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Following research into the statistical veracity of the data used in publications by Jens Förster, four dissertations he supervised have been reviewed.

In June 2015, three independent statistical experts found strong statistical evidence of ‘low veracity’ in the results of eight publications by social psychologist Jens Förster. The UvA subsequently notified the respective journals and requested a retraction or expression of concern. The UvA also announced that the dissertations supervised by Jens Förster would be investigated. The study into these four theses has now been concluded.

The authors Letty Koopman, Frans J. Oort and Chris A.J. Klaassen found no evidence of low veracity of the reported results in three of the four investigated theses. They did, however, conclude that two chapters in one thesis show various peculiarities in their results. These chapters have been published as Gillebaart et al. (2012). The authors conclude that ‘Gillebaart et al. (2012) shows strong evidence of low scientific veracity of its results. However, since the underlying data was collected under the responsibility of Förster, we stress that his co-authors should not be blamed for this, in our opinion.’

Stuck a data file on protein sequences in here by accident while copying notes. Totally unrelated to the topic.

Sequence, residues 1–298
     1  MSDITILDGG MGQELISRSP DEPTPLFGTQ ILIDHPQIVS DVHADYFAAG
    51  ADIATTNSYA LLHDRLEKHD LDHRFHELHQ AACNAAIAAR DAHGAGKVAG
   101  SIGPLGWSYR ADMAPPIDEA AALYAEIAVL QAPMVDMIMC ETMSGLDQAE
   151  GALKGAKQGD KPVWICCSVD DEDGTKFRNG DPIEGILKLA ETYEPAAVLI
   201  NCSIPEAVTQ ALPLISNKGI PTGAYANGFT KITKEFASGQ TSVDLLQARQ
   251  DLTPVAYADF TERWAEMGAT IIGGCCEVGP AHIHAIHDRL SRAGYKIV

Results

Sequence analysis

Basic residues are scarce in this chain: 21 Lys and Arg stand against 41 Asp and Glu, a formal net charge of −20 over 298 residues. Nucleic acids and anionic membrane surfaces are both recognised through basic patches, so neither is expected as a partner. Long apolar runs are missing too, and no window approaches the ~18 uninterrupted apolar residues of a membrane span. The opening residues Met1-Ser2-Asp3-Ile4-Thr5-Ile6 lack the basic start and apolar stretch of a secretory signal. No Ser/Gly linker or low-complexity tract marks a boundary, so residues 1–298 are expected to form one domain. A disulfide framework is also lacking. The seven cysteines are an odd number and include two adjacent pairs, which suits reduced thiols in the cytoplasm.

The full report, Evaluating the Scientific Veracity of PhD Theses Written under Supervision of Prof. Dr. Jens Förster, can be read here.

Following receipt of the report, the Executive Board of the University of Amsterdam has requested the editors of the Journal of Experimental Psychology to retract the article by Gillebaart et al. (2012).

In its request, the Executive Board writes that ‘The number of peculiarities in the results as reported by the investigators - the inexplicable linearity, the extreme effect sizes, and the lack of reliability and interchangeability on which the conclusions hinge, in combination with lack of clarity on the source of the data - leads the Executive Board to the decision to ask for retraction”.

Acting upon the recommendation by the independent statistical experts, the Doctorate Board of the University of Amsterdam concludes that the thesis containing the two chapters itself is not in question. The experts conclude that the data used by Gillebaart were collected and processed by Jens Förster or by one or more others under his responsibility. Only after processing the data, Jens Förster provided the data to Gillebaart, on the basis of which she wrote an article. Hence Gillebaart cannot be blamed for the data collection and data processing.

Gillebaart, M., Förster, J. & Rotteveel, M. (2012): Mere Exposure Revisited: The Influence of Growth Versus Security Cues on Evaluations of Novel and Familiar Stimuli. Journal of Experimental Psychology: General, 141, 699-714.